Department of Clinical and Population Perinatal Research, Kolling Institute of Medical Research, University of Sydney at Royal North Shore Hospital, New South Wales and Prevention Research Collaboration, School of Public Health, University of Sydney, Sydney, Australia
Correspondence:A Khambalia, Kolling Institute of Medical Research, Building 52, University of Sydney, Royal North Shore Hospital, St Leonards, NSW 2065, Australia. E-mail: email@example.com, Phone: +1-61-2-9926-6498, Fax: +1-61-2-9906-6742.
Dalla Lana School of Public Health, University of Toronto and Department of Paediatrics, Hospital for Sick Children and University of Toronto and Department of Nutritional Sciences, University of Toronto, Toronto, Ontario, Canada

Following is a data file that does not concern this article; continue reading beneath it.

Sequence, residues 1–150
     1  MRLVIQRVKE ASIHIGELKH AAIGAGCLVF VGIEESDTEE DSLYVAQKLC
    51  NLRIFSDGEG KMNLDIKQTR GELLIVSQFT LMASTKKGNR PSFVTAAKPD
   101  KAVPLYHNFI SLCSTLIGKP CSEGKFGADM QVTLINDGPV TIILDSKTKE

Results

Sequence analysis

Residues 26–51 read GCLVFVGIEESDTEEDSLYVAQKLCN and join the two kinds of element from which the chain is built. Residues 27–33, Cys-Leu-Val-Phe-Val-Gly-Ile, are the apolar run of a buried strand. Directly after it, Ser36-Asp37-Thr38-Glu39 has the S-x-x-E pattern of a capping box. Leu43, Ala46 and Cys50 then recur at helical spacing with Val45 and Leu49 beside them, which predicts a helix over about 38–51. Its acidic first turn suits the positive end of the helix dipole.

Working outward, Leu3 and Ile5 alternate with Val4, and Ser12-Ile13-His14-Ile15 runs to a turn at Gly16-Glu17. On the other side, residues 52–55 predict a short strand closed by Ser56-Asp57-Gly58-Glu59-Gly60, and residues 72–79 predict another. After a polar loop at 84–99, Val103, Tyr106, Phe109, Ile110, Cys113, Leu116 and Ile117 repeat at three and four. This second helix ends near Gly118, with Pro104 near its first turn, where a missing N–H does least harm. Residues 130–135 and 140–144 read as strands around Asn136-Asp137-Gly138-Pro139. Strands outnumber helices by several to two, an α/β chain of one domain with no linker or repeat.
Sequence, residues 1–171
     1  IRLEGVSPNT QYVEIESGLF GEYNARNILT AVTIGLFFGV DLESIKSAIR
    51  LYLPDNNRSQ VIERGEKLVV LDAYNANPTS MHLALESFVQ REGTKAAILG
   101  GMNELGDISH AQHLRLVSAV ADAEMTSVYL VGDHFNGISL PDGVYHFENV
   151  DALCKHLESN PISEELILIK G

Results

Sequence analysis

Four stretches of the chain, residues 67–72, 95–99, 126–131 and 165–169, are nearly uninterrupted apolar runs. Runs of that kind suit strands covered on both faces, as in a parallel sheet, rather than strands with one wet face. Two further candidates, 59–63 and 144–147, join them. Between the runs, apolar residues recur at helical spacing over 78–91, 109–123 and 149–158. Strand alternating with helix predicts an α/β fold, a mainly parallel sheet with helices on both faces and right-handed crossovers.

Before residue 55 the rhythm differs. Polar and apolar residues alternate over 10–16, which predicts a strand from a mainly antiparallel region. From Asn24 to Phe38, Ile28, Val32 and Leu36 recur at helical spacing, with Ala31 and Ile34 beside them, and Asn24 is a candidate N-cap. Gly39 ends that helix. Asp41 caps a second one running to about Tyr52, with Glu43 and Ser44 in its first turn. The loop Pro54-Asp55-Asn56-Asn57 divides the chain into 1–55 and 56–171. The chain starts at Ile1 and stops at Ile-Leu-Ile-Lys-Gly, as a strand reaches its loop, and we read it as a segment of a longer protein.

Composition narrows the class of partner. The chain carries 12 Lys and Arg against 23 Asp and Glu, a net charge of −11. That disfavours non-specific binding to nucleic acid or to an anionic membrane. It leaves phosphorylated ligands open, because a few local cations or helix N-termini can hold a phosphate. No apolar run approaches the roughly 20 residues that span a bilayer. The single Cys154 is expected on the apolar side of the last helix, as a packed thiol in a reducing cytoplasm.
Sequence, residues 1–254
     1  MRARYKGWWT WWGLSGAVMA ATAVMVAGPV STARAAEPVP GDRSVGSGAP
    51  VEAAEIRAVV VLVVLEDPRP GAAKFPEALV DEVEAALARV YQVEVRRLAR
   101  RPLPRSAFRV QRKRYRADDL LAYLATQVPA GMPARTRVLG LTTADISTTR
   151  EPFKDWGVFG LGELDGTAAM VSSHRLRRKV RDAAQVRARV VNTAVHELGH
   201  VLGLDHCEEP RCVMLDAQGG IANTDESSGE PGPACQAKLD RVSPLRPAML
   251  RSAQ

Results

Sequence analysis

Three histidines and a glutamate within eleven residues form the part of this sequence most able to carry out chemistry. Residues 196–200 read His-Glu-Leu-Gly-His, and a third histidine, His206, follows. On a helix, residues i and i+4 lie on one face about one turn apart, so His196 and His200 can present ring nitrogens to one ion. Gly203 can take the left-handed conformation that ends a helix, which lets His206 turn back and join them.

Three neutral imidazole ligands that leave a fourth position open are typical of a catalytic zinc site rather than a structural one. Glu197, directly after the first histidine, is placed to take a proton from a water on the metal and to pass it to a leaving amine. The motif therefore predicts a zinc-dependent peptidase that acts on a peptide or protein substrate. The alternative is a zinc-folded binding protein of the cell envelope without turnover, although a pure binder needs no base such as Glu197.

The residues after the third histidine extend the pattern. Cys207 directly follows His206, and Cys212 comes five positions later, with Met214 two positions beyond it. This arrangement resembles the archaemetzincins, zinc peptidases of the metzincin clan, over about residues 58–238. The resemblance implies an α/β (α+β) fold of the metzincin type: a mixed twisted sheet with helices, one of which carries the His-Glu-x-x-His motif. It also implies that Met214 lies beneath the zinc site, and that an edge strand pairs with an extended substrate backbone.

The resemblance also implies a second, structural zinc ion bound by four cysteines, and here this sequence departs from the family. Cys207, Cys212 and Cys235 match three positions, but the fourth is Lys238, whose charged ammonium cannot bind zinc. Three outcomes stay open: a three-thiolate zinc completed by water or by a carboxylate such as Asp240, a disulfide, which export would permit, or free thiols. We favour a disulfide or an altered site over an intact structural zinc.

An international perspective of the magnitude of anemia in indigenous peoples is currently lacking. The present systematic review was performed to characterize the global prevalence, severity, and etiology of anemia in indigenous peoples by conducting a systematic search of original research published in English from 1996 to February 2010 using PubMed, Medline, and Embase. A total of 50 studies, representing the following 13 countries, met the inclusion criteria: Australia, Brazil, Canada, Guatemala, India, Kenya, Malaysia, Mexico, New Zealand, Sri Lanka, Tanzania, the United States, and Venezuela. Results indicate major deficiencies in the coverage and quality of anemia monitoring data for indigenous populations worldwide. The burden of anemia is overwhelmingly higher among indigenous groups compared to the general population and represents a moderate (20–39.9%) to severe (≥40%) public health problem. For the most part, the etiology of anemia is preventable and includes inadequate diet, poor living conditions, and high infection rates (i.e., malaria and intestinal parasites). A concerted global effort is needed to reduce the worldwide burden of anemia in these marginalized populations.